Hektoen International

A Journal of Medical Humanities

Tag: vaccines

  • A pandemic of emotions: Navigating vaccine hesitancy in a post-pandemic world

    Nidhi Bhaskar Providence, Rhode Island   Photo by CDC on Pexels Four years before the COVID-19 pandemic, I was registering community members at a local health fair. An elderly man in line mentioned that he would never receive a flu shot because his healthy cousin had died of an aneurysm after receiving one. I spoke…

  • “Killed By Vaccination”: the enduring currency of a nineteenth century illogic

    Saty Satya-Murti Santa Maria, California, United States   Fig. 1. William Young’s 1886 pamphlet alleging that smallpox vaccinations slaughter and kill. Source: Wellcome Collection. In Public Domain. Vaccine misinformation and anti-vaccination conspiracy theories are not new but have acquired a combative energy during the Covid-19 pandemic. Nearly all the arguments now raised against vaccination were…

  • A return to The Plague

    Bonnie Salomon Chicago, Illinois, United States   Cover of 1991 edition of The Plague by Albert Camus. For the past fifteen months, I have been reading and returning to Albert Camus’ 1947 novel, The Plague. Chronicling a fictional plague epidemic in Oran, Algeria, the narrator Dr. Rieux tells the saga of a city’s horrific struggle.…

  • Doubled edged shield

    Adil Menon Cleveland, Ohio, United States Working my way through a biography of pioneering vaccine developer Maurice Hilleman titled Vaccinated, I was struck by how often the researchers of his era, such as Jonas Salk, tested their vaccines both on their own children as well as on children with cognitive challenges. If indeed the latter were…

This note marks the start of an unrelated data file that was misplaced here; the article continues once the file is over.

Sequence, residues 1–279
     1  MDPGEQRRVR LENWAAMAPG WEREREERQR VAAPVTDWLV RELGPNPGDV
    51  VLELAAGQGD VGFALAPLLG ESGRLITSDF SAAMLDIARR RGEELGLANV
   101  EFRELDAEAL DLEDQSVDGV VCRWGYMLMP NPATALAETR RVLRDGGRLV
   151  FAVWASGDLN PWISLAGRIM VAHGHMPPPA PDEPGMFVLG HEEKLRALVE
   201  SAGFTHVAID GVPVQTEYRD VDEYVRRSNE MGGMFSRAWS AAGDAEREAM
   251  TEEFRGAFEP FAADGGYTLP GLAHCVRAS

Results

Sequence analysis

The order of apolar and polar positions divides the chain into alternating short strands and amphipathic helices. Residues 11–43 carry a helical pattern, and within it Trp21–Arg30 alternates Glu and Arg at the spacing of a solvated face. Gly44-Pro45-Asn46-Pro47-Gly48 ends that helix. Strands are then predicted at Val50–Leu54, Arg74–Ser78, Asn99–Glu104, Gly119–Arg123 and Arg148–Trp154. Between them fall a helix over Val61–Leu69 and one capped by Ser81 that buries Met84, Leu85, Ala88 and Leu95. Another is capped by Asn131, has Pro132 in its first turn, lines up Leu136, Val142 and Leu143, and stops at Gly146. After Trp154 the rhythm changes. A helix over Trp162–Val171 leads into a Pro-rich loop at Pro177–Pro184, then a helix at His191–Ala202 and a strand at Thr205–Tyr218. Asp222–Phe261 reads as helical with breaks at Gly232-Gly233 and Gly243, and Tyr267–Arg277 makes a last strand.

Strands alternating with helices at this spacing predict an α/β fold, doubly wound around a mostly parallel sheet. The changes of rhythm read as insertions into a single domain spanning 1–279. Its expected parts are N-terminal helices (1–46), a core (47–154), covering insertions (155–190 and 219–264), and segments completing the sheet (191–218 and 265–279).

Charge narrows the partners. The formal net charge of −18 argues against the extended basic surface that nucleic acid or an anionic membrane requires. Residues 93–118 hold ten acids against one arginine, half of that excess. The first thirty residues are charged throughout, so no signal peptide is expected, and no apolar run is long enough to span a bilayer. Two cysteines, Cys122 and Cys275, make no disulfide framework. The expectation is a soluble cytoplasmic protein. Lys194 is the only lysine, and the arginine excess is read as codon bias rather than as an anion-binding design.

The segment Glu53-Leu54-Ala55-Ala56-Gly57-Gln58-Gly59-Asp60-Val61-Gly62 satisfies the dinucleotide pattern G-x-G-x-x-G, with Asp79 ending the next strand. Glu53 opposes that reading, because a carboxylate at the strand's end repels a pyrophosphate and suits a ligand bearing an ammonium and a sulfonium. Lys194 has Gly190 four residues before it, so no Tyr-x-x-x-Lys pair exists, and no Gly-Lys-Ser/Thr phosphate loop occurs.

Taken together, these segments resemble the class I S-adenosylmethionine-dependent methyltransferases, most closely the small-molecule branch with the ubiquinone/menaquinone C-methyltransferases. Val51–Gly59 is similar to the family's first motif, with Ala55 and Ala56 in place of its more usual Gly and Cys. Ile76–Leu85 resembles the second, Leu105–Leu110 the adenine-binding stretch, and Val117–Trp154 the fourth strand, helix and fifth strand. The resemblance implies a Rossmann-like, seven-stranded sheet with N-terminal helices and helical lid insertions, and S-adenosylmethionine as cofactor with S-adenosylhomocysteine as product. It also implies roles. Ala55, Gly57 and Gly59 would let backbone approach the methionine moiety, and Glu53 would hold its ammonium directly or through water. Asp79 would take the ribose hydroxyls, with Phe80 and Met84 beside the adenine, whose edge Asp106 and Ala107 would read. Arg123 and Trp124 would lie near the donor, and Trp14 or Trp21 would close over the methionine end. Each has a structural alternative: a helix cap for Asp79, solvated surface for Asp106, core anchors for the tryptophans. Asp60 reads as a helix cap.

• Have we learned anything from 1918–1919 influenza?

    Edward Winslow Wilmette, Illinois, United States Actual daily deaths from influenza, September to November 1918. Monthly Bulletin of the Department of Health, December 1918. NYC Municipal Library. Source.  The 2020 viral pandemic (COVID-19),1 in spite of being caused by a novel virus family, bears striking epidemiological and social resemblance to the influenza pandemic of 1918.2 Both…

  • How conflict and bureaucracy delayed the elimination of yellow fever

    Edward McSweegan Kingston, Rhode Island, United States   Army Surgeon General George Miller Sternberg. US government photo. Via Wikimedia. Public domain. The Golden Age of Bacteriology (1876–1906) saw the emergence of techniques to cultivate bacterial pathogens and develop vaccines and anti-toxin therapies against them. The new bacteriologists rapidly identified the agents causing anthrax, gonorrhea, typhoid,…

  • Blood donation in South Sudan

    Ahmed ElhagLatham, New York, United States When discussing the many challenges surrounding blood donation in South Sudan people tend to focus primarily on infrastructural barriers such as limited health care facilities and lack of investment and medical supplies. However, one important barrier that is often overlooked is the cultural stigma around blood donations. Many people…

  • Health, wellness, and their determinants

    Travis Kirkwood Ottawa, Ontario, Canada   Original map made by John Snow in 1854. Cholera cases are highlighted in black. 2nd Ed by John Snow. Public Domain due to age. John Snow is often referred to as the father of modern epidemiology. His work is certainly worthy of this1 and present-day public health2 still strives toward…

  • The flu vaccine: Transparency, uncertainty, and trust in medicine

    Anthony PapagiannisThessaloniki, Greece A few years ago the fear of ‘pandemic flu’ was spread widely all over the world, causing what has been termed an “emotional epidemic.”1 The disease itself, its social dimensions, and the ways it was publicly handled could form the subject for an academic thesis. Those events led me to a series of…

  • Physician: study thyself

    Susan HurleyVictoria, Australia In 2016 one man died and five others suffered brain damage during a drug trial in Rennes, France.1 A similar disaster occurred during the 2006 London trial of a novel monoclonal antibody: six men experienced an immediate systemic inflammatory response and became critically ill with multi-organ failure.2 These tragedies are a poignant…